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Cadmium inhibits non-homologous end-joining and over-activates the MRE11-dependent repair pathway


Journal title : Mutation Research. Genetic Toxicology and Environmental Mutagenesis
Volume : 654
Issue : 1
Pagination : 13-21
Publication date : 30/06/2008

Document type > *Article de revue

Keywords >

Research Unit > IRSN/DRPH/SDE/LMDN

Authors > BENCOKOVA Zuzana, FORAY Nicolas, GASTALDO Jérome, JOUBERT Aurélie, VIAU Muriel

Publication Date > 30/06/2008

Summary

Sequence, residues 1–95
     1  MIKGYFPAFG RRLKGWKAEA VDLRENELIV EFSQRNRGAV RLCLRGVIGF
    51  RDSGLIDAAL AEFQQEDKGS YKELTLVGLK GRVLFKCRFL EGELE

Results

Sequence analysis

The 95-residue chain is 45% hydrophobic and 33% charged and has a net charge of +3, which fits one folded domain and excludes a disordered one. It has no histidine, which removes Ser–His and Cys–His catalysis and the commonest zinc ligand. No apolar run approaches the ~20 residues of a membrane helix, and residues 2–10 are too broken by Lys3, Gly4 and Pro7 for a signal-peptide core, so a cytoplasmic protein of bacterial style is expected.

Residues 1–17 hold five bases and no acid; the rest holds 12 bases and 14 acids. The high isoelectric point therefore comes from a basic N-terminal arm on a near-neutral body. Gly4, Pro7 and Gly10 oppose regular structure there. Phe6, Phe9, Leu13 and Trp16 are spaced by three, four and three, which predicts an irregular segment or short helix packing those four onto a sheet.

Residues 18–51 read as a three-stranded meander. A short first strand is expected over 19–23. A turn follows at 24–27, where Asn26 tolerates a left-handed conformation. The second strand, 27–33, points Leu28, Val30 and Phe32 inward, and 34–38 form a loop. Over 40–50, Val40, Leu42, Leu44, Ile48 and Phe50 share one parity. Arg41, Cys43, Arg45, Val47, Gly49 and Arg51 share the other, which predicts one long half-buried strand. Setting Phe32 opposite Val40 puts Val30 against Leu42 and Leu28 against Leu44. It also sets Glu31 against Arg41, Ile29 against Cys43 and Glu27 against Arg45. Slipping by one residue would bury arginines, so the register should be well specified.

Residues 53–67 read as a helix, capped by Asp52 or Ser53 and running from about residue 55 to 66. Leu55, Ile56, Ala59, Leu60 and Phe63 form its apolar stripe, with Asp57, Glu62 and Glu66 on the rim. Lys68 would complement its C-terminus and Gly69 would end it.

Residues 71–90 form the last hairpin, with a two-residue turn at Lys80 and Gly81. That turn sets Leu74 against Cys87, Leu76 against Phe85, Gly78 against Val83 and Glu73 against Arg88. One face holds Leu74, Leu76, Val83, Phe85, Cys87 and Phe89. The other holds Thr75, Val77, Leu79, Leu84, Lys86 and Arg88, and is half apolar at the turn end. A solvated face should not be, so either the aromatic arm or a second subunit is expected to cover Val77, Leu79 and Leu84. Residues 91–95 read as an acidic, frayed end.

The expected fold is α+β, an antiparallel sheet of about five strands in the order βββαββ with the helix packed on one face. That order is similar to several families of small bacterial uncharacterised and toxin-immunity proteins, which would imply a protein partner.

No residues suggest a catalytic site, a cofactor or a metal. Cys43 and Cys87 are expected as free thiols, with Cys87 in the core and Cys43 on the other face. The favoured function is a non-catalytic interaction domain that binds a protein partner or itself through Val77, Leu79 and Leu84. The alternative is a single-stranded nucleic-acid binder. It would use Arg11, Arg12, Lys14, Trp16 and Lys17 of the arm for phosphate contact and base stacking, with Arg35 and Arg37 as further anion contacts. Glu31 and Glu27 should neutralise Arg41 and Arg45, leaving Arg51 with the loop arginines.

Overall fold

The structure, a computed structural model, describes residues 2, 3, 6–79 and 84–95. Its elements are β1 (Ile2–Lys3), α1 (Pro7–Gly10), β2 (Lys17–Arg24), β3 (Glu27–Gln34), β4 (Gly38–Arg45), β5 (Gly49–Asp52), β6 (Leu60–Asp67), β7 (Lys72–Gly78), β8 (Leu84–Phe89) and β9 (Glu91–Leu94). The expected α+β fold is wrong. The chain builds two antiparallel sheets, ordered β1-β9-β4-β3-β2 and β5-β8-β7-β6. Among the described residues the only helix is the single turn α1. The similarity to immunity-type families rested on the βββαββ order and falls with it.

Although cadmium still represents a public health problem and despite the fact that it has been classified as an IARC Group-I carcinogen, the molecular and cellular mechanisms responsible for the toxicity and the carcinogenicity of cadmium compounds are poorly known. Since unrepaired DNA double-strand breaks (DSBs) are considered to be key-lesions in cell lethality, and because misrepaired DSBs are a source of genomic instability leading to cancer proneness, the activity of the major DSB-repair pathways, i.e. non-homologous end-joining (NHEJ) and recombination, has been evaluated in human endothelial cells exposed to cadmium chloride and cadmium diacetate. Exposure to cadmium results in the production of DSBs a few hours after incubation. These breaks trigger the phosphorylation of H2AX proteins, which was used as an indirect measure of DSB in this study. The presence of cadmium in cells decreases the repair rate of X-ray-induced DSBs, suggesting an impact of cadmium upon the reparability of DSBs. Such an interpretation was consolidated by the finding that the DNA-PK kinase activity, essential for NHEJ, is affected by the presence of cadmium. These results suggest that the toxicity of cadmium compounds may be explained by the propagation of persistent DSBs. In parallel, the presence of cadmium was also associated with an over-activation of the MRE11-dependent repair pathway that may favour genomic instability. Altogether, our data provide a first example of the impact of cadmium upon DSB repair and signalling
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